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Topic: Agilent has oscilloscopes to 63 GHz /160GS/s. How is that possible? (Read 2 times) previous topic - next topic

JoeN

What type of technology is used to make such a ($439,824) product?  How do you sample at that rate?  160GS/s implies some sort of clock at 160Ghz.  How is that done?  I don't understand how this can be done at any price the speeds are so otherworldly.
I have only come here seeking knowledge. Things they would not teach me of in college.

BulletMagnet83

Based on EEVblog tear-downs I've watched, I think the answer is "dark sorcery and witchcraft" :D

retrolefty

Well if it can be done, Agilent is a company that could do it. As a spin-off/de-vesture of the old HP instrumentation company they were always among or leading in the state of art of measurement teck.

Lefty

KeithRB

I had an 8 GHz scope a while back, and it is done with 8 bit flash convertors and you use multiple ones and interleave the data. I am sure they have a white paper. For example, if you have 16 convertors, they each need to sample at 10 GS/sec.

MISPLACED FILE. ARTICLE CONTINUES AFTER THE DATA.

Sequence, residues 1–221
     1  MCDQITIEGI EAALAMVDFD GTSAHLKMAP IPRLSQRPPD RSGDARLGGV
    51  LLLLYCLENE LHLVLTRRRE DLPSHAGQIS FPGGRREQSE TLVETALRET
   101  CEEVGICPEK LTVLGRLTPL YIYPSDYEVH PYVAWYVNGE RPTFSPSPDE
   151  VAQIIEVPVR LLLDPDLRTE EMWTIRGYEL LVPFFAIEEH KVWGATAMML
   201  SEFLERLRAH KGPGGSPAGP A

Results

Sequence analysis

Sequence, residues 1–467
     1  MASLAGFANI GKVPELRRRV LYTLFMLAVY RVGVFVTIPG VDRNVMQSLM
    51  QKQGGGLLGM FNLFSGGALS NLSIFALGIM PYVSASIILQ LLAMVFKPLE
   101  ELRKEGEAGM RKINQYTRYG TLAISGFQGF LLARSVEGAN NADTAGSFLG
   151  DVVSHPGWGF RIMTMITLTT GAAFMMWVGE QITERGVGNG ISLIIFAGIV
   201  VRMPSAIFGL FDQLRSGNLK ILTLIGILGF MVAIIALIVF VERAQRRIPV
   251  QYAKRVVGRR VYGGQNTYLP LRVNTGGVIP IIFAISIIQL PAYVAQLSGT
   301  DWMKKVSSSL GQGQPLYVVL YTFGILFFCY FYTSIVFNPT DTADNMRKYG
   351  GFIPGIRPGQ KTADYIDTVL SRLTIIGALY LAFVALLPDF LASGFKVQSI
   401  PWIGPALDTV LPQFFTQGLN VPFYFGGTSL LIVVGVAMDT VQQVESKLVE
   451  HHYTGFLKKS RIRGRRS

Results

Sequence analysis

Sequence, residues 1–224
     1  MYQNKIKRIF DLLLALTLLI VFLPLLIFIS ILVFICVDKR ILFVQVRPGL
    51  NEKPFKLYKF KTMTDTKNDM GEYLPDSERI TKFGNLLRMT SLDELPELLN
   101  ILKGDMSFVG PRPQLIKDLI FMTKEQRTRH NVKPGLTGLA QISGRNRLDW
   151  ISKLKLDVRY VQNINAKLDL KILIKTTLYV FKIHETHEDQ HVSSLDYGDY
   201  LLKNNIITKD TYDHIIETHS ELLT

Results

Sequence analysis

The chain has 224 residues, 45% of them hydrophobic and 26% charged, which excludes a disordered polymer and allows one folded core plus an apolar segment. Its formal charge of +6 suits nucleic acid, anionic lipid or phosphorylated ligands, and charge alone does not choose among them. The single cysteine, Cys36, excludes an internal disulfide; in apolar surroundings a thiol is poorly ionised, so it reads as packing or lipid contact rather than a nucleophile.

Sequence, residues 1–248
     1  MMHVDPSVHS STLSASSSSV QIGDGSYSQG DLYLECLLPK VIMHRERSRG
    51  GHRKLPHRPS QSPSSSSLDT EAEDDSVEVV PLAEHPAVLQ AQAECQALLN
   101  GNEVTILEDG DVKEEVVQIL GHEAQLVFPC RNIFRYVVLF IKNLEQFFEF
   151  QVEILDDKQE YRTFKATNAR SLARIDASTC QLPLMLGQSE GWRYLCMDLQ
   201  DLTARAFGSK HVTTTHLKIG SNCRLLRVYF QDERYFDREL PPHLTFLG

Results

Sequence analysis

JoeN


I had an 8 GHz scope a while back, and it is done with 8 bit flash convertors and you use multiple ones and interleave the data. I am sure they have a white paper. For example, if you have 16 convertors, they each need to sample at 10 GS/sec.


Out of curiosity I have looked at TI/National, Analog, and LT's sites and I think the fastest converter that is available is TI at about 5 Gsps and that is at 7-bit.  The datasheet shows it's actually 4 ADCs embedded in one chip with some clock management.  So maybe you use 32 of those?  But how the heck do you interleave them so that they are sampling at the correct point in time?
I have only come here seeking knowledge. Things they would not teach me of in college.

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